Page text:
Stats NZ has a new website.

For new releases go to

As we transition to our new site, you'll still find some Stats NZ information here on this archive site.

  • Share this page to Facebook
  • Share this page to Twitter
  • Share this page to Google+
Student Loans and Allowances: 2011
Embargoed until 10:45am  –  04 December 2012

The Student Loans and Allowances 2011 information release reports on students who accessed the student support system while participating in tertiary education. The student support system includes the Student Loan Scheme and the Student Allowances Scheme.

 See Definitions section for more details.

 Diagram, student loan borrowers and allowance recipients, for those enrolled in 2011.

Uptake of student loans continues to increase in 2011

The total number of tertiary students enrolled decreased 7.4 percent in 2011, but the total number of student loan borrowers only decreased 2.4 percent. This led to the proportion of tertiary students using the Student Loan Scheme increasing to 48.1 percent in 2011, up from 45.6 percent in 2010. The proportion has been increasing since 2006, when the interest-free student loans policy was introduced.

Not all students are eligible to borrow from the Student Loan Scheme; the Ministry of Education estimates that about 74 percent of those eligible to borrow in 2011 did so, the same proportion as in 2010.

Graph, student loan borrowers and proportion of students who borrowed, 2000 to 2011.

Level of study

The biggest decrease in the number of borrowers in 2011 was for those studying for level 1–3 certificates, down almost 11 percent. Bachelor-level study accounted for almost half of all borrowers. Borrowing at this level was down 0.4 percent, to around 106,000 borrowers. Master's and doctorate students were the only levels of study with more borrowers in 2011.

Number of first-time student loan borrowers down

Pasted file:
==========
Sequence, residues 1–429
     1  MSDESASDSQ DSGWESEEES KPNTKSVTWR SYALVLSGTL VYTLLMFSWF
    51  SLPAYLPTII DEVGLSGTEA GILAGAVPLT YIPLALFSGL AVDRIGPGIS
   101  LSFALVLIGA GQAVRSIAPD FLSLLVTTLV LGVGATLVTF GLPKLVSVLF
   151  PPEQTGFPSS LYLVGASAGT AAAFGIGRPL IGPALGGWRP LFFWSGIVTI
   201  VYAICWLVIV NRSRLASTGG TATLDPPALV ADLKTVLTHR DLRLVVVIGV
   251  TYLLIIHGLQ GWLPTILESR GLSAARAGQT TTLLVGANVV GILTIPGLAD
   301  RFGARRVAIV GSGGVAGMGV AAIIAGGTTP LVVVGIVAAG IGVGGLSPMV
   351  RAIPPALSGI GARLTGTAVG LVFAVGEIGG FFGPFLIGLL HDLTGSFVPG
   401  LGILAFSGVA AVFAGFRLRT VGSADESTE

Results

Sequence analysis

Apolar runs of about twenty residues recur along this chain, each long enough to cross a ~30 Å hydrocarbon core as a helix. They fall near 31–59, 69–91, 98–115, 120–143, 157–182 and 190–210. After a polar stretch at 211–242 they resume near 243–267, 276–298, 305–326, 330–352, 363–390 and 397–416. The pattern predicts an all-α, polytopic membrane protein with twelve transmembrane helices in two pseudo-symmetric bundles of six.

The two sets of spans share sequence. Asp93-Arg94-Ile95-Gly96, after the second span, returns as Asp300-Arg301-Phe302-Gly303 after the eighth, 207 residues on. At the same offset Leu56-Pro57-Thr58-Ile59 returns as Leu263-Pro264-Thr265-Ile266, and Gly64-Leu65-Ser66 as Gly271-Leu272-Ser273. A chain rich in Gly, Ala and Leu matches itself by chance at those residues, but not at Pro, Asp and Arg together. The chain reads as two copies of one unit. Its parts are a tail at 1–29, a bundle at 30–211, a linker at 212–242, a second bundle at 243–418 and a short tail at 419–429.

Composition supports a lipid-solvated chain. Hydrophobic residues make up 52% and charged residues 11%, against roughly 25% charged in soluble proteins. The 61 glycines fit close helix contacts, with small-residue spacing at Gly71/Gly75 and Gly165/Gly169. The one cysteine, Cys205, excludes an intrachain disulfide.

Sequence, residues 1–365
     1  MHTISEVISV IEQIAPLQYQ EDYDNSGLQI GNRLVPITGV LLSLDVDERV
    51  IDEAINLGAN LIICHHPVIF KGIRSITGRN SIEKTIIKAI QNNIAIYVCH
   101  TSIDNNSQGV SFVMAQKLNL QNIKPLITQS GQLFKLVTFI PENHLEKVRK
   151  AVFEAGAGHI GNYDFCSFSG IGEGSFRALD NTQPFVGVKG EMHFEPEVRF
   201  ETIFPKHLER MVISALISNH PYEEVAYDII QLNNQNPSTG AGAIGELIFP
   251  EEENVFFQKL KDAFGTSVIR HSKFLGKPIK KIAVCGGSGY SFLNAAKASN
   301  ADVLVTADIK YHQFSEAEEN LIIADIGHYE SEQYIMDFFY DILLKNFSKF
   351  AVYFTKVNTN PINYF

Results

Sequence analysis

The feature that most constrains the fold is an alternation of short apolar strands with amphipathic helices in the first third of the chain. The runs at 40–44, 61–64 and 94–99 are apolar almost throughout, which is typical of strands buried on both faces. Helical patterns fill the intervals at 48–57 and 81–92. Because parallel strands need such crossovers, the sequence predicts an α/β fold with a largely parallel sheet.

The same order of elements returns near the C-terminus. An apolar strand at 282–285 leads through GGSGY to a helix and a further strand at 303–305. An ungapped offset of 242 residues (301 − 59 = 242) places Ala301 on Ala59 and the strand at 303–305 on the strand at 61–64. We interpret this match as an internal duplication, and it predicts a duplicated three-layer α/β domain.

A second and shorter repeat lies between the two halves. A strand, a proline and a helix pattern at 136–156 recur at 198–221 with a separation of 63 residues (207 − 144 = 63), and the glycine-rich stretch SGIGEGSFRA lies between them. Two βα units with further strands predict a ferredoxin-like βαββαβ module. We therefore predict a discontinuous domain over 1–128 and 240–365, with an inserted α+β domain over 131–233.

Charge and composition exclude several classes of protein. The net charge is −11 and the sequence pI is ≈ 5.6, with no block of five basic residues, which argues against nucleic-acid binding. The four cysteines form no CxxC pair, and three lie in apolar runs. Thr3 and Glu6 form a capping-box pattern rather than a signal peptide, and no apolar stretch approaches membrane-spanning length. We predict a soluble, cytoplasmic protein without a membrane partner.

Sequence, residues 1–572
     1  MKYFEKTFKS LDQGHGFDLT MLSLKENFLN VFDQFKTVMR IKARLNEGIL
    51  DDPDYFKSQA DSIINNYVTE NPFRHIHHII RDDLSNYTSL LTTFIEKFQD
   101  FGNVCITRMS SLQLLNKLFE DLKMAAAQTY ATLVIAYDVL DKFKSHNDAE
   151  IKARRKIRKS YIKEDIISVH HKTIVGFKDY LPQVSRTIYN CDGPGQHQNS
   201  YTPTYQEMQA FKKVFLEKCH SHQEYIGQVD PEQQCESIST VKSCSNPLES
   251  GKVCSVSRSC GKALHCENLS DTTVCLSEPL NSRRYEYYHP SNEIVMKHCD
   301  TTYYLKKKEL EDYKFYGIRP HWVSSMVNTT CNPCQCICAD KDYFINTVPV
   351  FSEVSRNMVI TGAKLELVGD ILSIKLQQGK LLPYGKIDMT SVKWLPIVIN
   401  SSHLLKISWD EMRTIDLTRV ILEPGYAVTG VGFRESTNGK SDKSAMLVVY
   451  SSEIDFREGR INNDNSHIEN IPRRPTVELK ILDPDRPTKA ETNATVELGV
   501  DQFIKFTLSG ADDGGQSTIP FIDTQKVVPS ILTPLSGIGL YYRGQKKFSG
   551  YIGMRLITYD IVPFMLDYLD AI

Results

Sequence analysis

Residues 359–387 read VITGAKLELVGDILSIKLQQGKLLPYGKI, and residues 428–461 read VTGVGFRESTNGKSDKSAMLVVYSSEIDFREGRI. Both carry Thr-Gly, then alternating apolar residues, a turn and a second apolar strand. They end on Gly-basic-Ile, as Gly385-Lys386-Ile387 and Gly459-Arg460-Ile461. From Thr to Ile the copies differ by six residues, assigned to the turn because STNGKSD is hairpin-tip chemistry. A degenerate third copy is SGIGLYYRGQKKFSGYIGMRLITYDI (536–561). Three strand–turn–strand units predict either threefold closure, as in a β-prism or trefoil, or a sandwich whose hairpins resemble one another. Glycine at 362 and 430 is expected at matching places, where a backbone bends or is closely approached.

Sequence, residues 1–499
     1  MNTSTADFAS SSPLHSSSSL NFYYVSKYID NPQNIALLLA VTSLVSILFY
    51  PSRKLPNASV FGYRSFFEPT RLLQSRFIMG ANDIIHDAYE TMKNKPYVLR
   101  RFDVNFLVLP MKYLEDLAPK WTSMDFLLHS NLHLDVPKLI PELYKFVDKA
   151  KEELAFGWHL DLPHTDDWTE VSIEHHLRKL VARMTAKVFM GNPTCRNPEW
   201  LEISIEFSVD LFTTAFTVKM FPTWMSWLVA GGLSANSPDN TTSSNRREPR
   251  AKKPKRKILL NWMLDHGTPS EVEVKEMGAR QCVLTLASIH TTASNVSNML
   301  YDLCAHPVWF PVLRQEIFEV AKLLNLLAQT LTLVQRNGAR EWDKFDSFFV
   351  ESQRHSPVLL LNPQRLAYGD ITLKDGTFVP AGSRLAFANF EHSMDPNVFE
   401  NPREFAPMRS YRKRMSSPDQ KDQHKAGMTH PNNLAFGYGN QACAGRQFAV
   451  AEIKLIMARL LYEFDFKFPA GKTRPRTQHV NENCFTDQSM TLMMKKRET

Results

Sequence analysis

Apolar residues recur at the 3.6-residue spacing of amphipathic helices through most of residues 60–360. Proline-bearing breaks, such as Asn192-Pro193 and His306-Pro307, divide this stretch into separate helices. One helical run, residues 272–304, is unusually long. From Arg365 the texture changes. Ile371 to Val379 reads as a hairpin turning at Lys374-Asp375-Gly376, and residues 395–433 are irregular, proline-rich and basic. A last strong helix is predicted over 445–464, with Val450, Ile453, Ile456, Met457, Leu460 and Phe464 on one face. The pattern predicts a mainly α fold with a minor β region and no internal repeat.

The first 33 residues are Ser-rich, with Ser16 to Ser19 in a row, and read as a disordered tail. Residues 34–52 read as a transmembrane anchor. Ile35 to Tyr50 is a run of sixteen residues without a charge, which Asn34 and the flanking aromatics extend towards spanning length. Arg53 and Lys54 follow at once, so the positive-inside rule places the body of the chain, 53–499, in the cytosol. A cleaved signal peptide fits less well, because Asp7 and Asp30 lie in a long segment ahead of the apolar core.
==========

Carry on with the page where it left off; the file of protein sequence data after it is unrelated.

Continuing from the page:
There were 54,735 students borrowing for the first time in 2011, down 10 percent from 2010. The number of new borrowers decreased across all levels of study in 2011. The largest fall in the number of new borrowers was for those studying at bachelor's level, down 2,784 students (11.3 percent) to 21,960.

Average amount borrowed continues to get bigger

The Student Loan Scheme has three components: course fees, course-related costs, and living costs. The average total amount borrowed by a student in 2011 was $7,630, up 4.5 percent from 2010. This is the highest average amount borrowed since 2000 and included a 7.1 percent increase in the average amount borrowed for course fees. For living costs, the average amount decreased 3.1 percent, and for course-related costs the average borrowed has remained flat, at $990 – just below the maximum of $1,000.

Graph, average amount borrowed by student loan borrowers, by loan component, 2000 to 2011.

Borrowers leave tertiary study with more debt

Borrowers who left study in 2010 had an average student loan leaving debt of $16,050, up almost 5 percent compared with 2009 leavers. This is the largest average leaving debt since the Student Loan Scheme was introduced in 1992. Borrowers who studied at bachelor's level and left study in 2010 had an average student loan leaving debt of $22,060, up 2.5 percent from 2009.